New research shows that working mothers in Australia are feeling the pressure of juggling home, work and leisure time more than ever before.
For any postmenopausal women who might have feared it was too late to start regular exercise, new research has brought encouraging news. A study recently published in Menopause, the North American Menopause Society's journal, has proven that exercise is highly beneficial for women at this stage of life.
A large US study published in the Journal of Bone and Mineral Research has revealed that an anti-inflammatory diet can help reduce the loss of bone mineral density in some postmenopausal women.
A team of researchers from Melbourne's Deakin University has proved that eating a healthy diet can help improve the mood of people suffering from major depression.
Exercise may be associated with small but significant improvements in the brain function of elderly people who have existing problems with memory and thinking, a newly published study has shown.
A new study suggests that replacing red meat with vegetables or potatoes may help reduce the risk of heart attack. Eating oily fish also has benefits for heart health.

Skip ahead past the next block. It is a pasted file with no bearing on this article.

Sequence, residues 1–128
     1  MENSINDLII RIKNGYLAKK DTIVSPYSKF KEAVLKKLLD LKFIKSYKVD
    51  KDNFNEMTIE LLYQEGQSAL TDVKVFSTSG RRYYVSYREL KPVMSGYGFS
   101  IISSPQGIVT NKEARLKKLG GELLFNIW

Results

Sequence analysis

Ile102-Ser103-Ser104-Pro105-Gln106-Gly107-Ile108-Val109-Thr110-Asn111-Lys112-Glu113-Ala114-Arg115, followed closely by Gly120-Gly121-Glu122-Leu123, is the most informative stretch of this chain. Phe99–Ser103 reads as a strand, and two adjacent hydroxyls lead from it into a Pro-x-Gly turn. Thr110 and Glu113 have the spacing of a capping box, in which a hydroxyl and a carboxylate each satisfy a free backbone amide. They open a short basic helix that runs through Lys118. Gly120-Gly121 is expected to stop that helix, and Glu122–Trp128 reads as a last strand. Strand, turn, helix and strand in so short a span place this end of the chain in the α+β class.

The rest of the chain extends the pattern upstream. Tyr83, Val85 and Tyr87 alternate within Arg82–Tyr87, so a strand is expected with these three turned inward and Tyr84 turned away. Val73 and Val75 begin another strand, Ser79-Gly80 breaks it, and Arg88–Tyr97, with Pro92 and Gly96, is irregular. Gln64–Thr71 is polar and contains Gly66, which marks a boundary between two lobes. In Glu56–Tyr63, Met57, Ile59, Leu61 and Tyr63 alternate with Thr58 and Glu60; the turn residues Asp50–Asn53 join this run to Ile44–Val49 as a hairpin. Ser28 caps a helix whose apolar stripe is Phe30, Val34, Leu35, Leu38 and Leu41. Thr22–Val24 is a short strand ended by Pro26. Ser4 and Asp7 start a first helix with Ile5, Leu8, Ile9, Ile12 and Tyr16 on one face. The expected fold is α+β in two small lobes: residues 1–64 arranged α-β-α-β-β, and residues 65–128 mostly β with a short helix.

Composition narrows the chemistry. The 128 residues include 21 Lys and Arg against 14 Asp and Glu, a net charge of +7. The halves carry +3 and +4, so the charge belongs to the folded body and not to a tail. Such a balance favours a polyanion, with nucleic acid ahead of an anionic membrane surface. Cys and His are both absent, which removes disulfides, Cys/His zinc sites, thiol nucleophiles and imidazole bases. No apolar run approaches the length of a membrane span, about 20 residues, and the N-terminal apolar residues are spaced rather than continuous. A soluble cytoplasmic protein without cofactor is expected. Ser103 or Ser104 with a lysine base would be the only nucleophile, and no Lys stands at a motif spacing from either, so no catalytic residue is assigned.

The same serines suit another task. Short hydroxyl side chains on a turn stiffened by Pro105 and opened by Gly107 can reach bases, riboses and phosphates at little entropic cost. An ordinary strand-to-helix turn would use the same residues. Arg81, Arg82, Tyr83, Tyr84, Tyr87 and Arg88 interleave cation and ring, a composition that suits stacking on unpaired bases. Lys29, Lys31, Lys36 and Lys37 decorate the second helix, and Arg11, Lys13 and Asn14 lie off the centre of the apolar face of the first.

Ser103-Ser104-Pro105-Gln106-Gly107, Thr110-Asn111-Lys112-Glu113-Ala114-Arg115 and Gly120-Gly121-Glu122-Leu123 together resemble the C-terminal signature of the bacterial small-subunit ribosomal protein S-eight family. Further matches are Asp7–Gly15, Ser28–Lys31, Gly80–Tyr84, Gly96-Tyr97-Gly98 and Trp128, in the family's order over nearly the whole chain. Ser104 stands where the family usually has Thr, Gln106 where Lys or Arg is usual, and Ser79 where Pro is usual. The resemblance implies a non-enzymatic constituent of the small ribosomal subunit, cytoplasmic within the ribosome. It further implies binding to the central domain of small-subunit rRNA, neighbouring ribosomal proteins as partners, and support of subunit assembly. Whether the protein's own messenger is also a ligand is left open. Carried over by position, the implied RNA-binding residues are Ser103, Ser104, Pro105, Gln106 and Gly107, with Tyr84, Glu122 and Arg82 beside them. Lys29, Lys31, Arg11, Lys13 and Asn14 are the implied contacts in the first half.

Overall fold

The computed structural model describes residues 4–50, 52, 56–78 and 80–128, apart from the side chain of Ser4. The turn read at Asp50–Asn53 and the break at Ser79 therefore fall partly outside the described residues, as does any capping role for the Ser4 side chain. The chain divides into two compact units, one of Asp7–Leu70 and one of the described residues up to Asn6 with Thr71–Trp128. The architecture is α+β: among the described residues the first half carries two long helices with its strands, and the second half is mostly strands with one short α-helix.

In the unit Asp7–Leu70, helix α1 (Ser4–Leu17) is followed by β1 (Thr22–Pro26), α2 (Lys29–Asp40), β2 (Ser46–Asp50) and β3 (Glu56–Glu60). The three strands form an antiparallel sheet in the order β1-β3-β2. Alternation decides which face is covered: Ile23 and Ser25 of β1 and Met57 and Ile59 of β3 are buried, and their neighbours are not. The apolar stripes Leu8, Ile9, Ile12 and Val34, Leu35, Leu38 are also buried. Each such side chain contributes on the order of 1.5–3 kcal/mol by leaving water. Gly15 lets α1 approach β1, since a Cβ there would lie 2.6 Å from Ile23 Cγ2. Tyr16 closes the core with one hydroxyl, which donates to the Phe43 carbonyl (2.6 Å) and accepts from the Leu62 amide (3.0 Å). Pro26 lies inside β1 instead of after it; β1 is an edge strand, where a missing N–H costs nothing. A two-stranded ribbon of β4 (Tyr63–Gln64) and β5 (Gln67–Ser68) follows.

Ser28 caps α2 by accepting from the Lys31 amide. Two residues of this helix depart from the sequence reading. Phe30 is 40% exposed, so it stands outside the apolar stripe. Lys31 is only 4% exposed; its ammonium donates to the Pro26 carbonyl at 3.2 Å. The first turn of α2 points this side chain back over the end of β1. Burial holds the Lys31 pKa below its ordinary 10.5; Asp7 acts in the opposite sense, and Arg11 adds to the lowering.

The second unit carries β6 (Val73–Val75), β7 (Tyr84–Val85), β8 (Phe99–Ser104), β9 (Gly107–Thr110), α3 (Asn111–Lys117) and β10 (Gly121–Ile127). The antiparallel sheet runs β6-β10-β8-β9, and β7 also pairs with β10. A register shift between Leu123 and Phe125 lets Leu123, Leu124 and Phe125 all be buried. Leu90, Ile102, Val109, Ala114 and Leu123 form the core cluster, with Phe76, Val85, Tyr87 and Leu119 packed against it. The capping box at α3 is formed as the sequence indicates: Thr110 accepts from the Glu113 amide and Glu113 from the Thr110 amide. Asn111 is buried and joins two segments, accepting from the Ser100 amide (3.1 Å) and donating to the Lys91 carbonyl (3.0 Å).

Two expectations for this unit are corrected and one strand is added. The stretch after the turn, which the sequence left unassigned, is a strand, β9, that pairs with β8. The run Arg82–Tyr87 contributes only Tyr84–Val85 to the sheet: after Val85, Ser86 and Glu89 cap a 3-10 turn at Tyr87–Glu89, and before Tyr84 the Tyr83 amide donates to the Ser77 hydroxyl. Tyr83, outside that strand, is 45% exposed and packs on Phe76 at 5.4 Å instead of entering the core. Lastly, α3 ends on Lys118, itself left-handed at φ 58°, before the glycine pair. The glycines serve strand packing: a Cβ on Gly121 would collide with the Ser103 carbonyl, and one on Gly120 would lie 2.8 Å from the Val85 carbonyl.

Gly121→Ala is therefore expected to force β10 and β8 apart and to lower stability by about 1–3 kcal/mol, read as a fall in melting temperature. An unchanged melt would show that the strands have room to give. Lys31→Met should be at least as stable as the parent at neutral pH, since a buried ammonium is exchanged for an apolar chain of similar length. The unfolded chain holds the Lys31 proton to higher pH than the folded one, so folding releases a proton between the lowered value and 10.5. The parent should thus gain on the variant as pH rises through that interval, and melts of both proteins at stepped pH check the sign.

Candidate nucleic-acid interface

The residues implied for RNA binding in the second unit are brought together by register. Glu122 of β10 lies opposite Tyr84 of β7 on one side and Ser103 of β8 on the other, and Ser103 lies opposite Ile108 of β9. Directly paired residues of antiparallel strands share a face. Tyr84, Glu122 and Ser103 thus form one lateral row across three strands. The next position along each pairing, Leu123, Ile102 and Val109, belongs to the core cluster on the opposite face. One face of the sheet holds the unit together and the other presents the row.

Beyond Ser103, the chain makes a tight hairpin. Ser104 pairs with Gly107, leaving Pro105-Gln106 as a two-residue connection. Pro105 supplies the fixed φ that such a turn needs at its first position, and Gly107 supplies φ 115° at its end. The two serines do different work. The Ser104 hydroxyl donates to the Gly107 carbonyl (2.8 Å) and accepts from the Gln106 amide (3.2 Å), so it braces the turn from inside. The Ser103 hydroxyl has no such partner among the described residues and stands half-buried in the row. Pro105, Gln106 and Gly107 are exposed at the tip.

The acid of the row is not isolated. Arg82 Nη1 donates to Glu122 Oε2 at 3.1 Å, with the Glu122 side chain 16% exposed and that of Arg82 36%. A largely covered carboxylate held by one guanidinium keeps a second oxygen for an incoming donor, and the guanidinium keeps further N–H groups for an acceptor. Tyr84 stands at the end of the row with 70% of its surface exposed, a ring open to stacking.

The alleged connection between a disrupted body clock and an increased risk of cancer has been disproven by new research published in the United Kingdom.
Consuming oats has been shown to have a range of health benefits, but the most widely known is its ability to reduce a person's cholesterol and, in turn, their risk of cardiovascular disease.
A recent study published in the Dietitians Association of Australia's journal, Nutrition and Dietetics, has shown that consuming phytonutrients called carotenoids may reduce the risk of developing insulin resistance.
Being overweight, eating processed meat and drinking too much alcohol are three factors that increase the risk of developing stomach cancer, according to a new study published by the American Institute for Cancer Research and the World Cancer Research Fund.